The case feels less momentous when the author of the text is alive at the time of translation. This dialogue between author and translator can then take place (as best it can and in some degree through translation, given that they will most often have different native languages) in real time and the author can have more of a say in how their work is delivered into another culture. Their literary, cultural, and commercial hopes for the translation can be articulated, and as such the translation could be seen more as an extension of their literary vision than when authors are no longer alive to oversee the job. The Japanese author Haruki Murakami, who himself has translated American texts into Japanese, elects for his translators to transpose cultural references into the target language, that is, to aim to structure the reader’s experience around associations that they already know. There is of course a great virtue to the author’s sovereignity over translation techniques: ‘When a literary world that I have created is transposed into another linguistic system,’ Murakami wrote of this, ‘I feel as if I have been able to dissociate me from myself, which gives me a good deal of peace.’ This “Murakami phenomenon” of translatability and a great deal of talent have led to the author’s work being translated into over 50 languages and reaching a hugely international readership, sure, but it is worth remembering that in some degree these are different books that are being read, and perhaps some singularity should always be reserved for the original Japanese version. Sometimes authors translate their own work, where the roles of the author and translation strategist, superimposed, sharpen our focus on the author’s original, pre-verbal, sentiment or tone. The bilingual Irish writer Samuel Beckett, translating his own play En attendant Godot (1952, Éditions de Minuit) into Waiting for Godot (1954, Grove Press), changed the temporal marker ‘depuis la morte de Voltaire’ (since the death of Voltaire, i.e. 1778) to ‘since the death of Bishop Berkeley’ (in 1753). Bishop Berkeley briefly became Samuel Johnson in a London edition and then returned to himself, the loss of accuracy in time being demonstrably less important to the author than the reader’s understanding that he means, essentially, “ages ago”. What agency! The author was alive (so Beckett had to abide by the author’s wishes), but Beckett was the author (so he could do as he liked with the text). 

When the author is no longer alive or is unknown, the responsibilities and nature of translation may differ greatly. When authors die or when copyrights to texts expire, often up to 70 years later, the text enters the public domain and the author naturally no longer exists as an authority in the process of creation of this translation, this translated version, of their work. Literary translators then occupy an important role in shaping, opening up – sometimes, modernising – the text’s legacy and enter a transtemporal dialogue with the author, asking how would you want me to write this? Do you like what I have done with what you meant? Even: is this what you would have wanted? The translation can often be greatly influenced by the translator’s “relationship” with the author: how they feel the words were intended to be read, by their study, in some cases politics, the input of families, perhaps, adjustments made necessary under censors or by untransferable conventions in the target language. The translation is the result of a series of compromises, yes, but also an artefact exemplifying the nature of both languages (what remains when the original text has been pushed through these holes; what holes were there in the first place?), and there is material that the translator has used to rebuild the text in the target language: in the words of Greek-American poet and translator Kimon Friar,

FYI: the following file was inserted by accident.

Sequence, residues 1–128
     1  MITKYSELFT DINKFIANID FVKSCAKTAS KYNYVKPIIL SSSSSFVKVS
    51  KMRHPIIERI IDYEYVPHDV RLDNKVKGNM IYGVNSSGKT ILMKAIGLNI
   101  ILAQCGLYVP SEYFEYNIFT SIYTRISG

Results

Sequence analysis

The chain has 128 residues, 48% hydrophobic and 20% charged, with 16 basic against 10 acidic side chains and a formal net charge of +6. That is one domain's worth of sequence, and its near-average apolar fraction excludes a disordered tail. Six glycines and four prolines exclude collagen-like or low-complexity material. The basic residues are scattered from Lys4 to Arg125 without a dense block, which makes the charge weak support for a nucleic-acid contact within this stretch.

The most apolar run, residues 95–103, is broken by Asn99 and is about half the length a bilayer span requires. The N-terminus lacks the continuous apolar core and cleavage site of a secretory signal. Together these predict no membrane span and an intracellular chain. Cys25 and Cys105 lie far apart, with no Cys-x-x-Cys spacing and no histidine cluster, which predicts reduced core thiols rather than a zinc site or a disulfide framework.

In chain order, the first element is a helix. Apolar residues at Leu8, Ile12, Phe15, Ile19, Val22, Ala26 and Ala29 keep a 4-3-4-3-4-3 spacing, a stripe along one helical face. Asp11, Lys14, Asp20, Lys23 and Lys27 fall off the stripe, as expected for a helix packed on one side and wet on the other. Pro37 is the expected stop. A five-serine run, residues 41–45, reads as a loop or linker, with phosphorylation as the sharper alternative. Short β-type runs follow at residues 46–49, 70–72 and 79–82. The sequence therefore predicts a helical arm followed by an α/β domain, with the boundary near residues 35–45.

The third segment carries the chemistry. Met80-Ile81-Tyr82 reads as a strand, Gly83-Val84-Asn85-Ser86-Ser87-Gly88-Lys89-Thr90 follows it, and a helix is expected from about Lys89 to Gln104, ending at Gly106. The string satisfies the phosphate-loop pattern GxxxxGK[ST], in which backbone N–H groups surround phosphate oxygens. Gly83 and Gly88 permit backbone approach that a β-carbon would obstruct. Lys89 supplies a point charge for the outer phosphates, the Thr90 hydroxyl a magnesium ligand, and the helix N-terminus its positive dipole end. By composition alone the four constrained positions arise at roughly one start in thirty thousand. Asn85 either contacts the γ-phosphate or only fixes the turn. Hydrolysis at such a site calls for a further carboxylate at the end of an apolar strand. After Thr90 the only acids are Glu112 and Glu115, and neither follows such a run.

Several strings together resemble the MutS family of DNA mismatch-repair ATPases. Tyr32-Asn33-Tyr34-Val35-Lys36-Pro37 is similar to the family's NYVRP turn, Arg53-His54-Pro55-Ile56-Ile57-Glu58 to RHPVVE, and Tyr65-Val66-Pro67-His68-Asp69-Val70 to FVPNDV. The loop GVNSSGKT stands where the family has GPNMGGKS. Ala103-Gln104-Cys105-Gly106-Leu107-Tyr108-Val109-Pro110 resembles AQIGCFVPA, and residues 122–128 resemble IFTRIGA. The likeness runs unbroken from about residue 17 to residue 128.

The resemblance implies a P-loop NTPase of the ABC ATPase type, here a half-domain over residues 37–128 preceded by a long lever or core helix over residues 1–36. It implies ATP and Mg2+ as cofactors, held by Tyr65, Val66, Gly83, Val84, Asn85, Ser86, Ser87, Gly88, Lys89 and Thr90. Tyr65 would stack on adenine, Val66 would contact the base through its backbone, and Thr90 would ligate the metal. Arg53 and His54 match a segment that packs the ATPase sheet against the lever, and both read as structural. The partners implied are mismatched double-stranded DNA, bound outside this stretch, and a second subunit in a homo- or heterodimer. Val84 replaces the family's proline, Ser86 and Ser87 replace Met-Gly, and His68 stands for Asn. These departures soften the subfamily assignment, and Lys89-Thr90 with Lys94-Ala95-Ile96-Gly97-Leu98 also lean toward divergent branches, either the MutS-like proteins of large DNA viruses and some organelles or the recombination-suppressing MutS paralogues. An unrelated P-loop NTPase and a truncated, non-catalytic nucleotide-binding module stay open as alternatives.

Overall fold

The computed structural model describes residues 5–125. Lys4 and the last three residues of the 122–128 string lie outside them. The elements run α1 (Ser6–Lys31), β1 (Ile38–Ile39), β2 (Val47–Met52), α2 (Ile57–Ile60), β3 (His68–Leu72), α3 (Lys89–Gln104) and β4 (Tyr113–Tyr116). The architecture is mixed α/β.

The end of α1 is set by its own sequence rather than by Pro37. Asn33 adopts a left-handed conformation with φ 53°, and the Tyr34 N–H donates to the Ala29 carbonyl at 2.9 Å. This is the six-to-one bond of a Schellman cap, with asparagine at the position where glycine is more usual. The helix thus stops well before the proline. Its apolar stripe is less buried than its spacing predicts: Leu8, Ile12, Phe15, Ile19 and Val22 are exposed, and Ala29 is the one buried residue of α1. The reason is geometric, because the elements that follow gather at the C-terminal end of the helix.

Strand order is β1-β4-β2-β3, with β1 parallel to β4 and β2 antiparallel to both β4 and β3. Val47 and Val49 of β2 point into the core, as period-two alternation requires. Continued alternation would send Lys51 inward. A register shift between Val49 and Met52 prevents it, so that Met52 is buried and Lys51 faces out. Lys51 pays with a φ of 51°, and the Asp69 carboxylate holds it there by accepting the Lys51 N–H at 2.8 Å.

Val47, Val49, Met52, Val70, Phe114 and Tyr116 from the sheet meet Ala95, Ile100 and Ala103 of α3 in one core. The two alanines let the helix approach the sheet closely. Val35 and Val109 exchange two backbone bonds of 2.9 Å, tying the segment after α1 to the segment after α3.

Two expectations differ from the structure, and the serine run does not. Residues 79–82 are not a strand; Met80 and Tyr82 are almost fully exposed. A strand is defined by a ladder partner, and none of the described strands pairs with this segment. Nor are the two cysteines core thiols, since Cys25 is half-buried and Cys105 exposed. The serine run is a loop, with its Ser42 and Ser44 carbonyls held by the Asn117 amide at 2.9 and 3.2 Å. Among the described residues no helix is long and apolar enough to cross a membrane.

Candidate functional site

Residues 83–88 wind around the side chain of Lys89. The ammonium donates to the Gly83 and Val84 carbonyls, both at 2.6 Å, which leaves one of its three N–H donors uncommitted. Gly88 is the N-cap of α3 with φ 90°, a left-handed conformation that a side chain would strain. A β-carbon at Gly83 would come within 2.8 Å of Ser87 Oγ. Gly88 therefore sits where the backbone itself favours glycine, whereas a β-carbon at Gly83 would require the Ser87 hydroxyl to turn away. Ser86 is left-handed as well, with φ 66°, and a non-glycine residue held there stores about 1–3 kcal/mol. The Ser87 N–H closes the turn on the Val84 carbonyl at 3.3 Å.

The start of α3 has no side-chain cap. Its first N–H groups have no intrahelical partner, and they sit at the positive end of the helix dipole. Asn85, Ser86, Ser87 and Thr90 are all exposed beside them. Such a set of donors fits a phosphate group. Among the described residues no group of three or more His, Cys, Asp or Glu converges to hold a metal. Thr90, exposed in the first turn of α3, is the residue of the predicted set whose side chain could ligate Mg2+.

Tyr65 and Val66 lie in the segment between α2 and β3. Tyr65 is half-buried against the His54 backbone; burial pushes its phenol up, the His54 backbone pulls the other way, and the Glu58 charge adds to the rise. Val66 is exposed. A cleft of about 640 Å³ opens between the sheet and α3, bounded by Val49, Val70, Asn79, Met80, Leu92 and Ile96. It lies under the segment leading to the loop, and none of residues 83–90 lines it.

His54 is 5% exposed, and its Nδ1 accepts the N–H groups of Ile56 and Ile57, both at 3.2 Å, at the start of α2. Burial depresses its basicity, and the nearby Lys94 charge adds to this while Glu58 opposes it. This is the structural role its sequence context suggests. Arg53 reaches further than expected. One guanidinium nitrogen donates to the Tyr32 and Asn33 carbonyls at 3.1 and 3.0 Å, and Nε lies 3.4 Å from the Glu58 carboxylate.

‘this is not a problem of finding the proper word, synonym, or paraphrase, but of ringing over an event, a point of view, a situation, a talisman or totem that is peculiar of one particular nation, tribe, or locale, and which cannot be found or fully understood anywhere else.’


The posthumous literary translation is then decidedly a version and to remember this is to do justice to the author, to the translator, and to our own understanding of a foreign text which can otherwise be so utterly and haphazardly shaped by the edition or translation that we picked up in Oxfam books. It is a wonderful thing: how much closer we get to understanding a language, perhaps an author, and certainly the heart of a text if we superimpose the nuances in different translations, all different studied versions and interpretations. Or we may wish to divorce the author and the text fully (‘The birth of the reader must always be ransomed by the death of the Author’) and likewise the translation from the translator, and so on, but even more so then we would see that the translation is not a shadow of the original but a relative and a version: that the essence of the literary text is not solely its history and its genesis but its future in what it can become in the hands of readers.

In any case, be wary of me. Most of the quotations I used in this article are translated, and perhaps consult the translator of the IKEA instruction leaflets for a less idealistic response.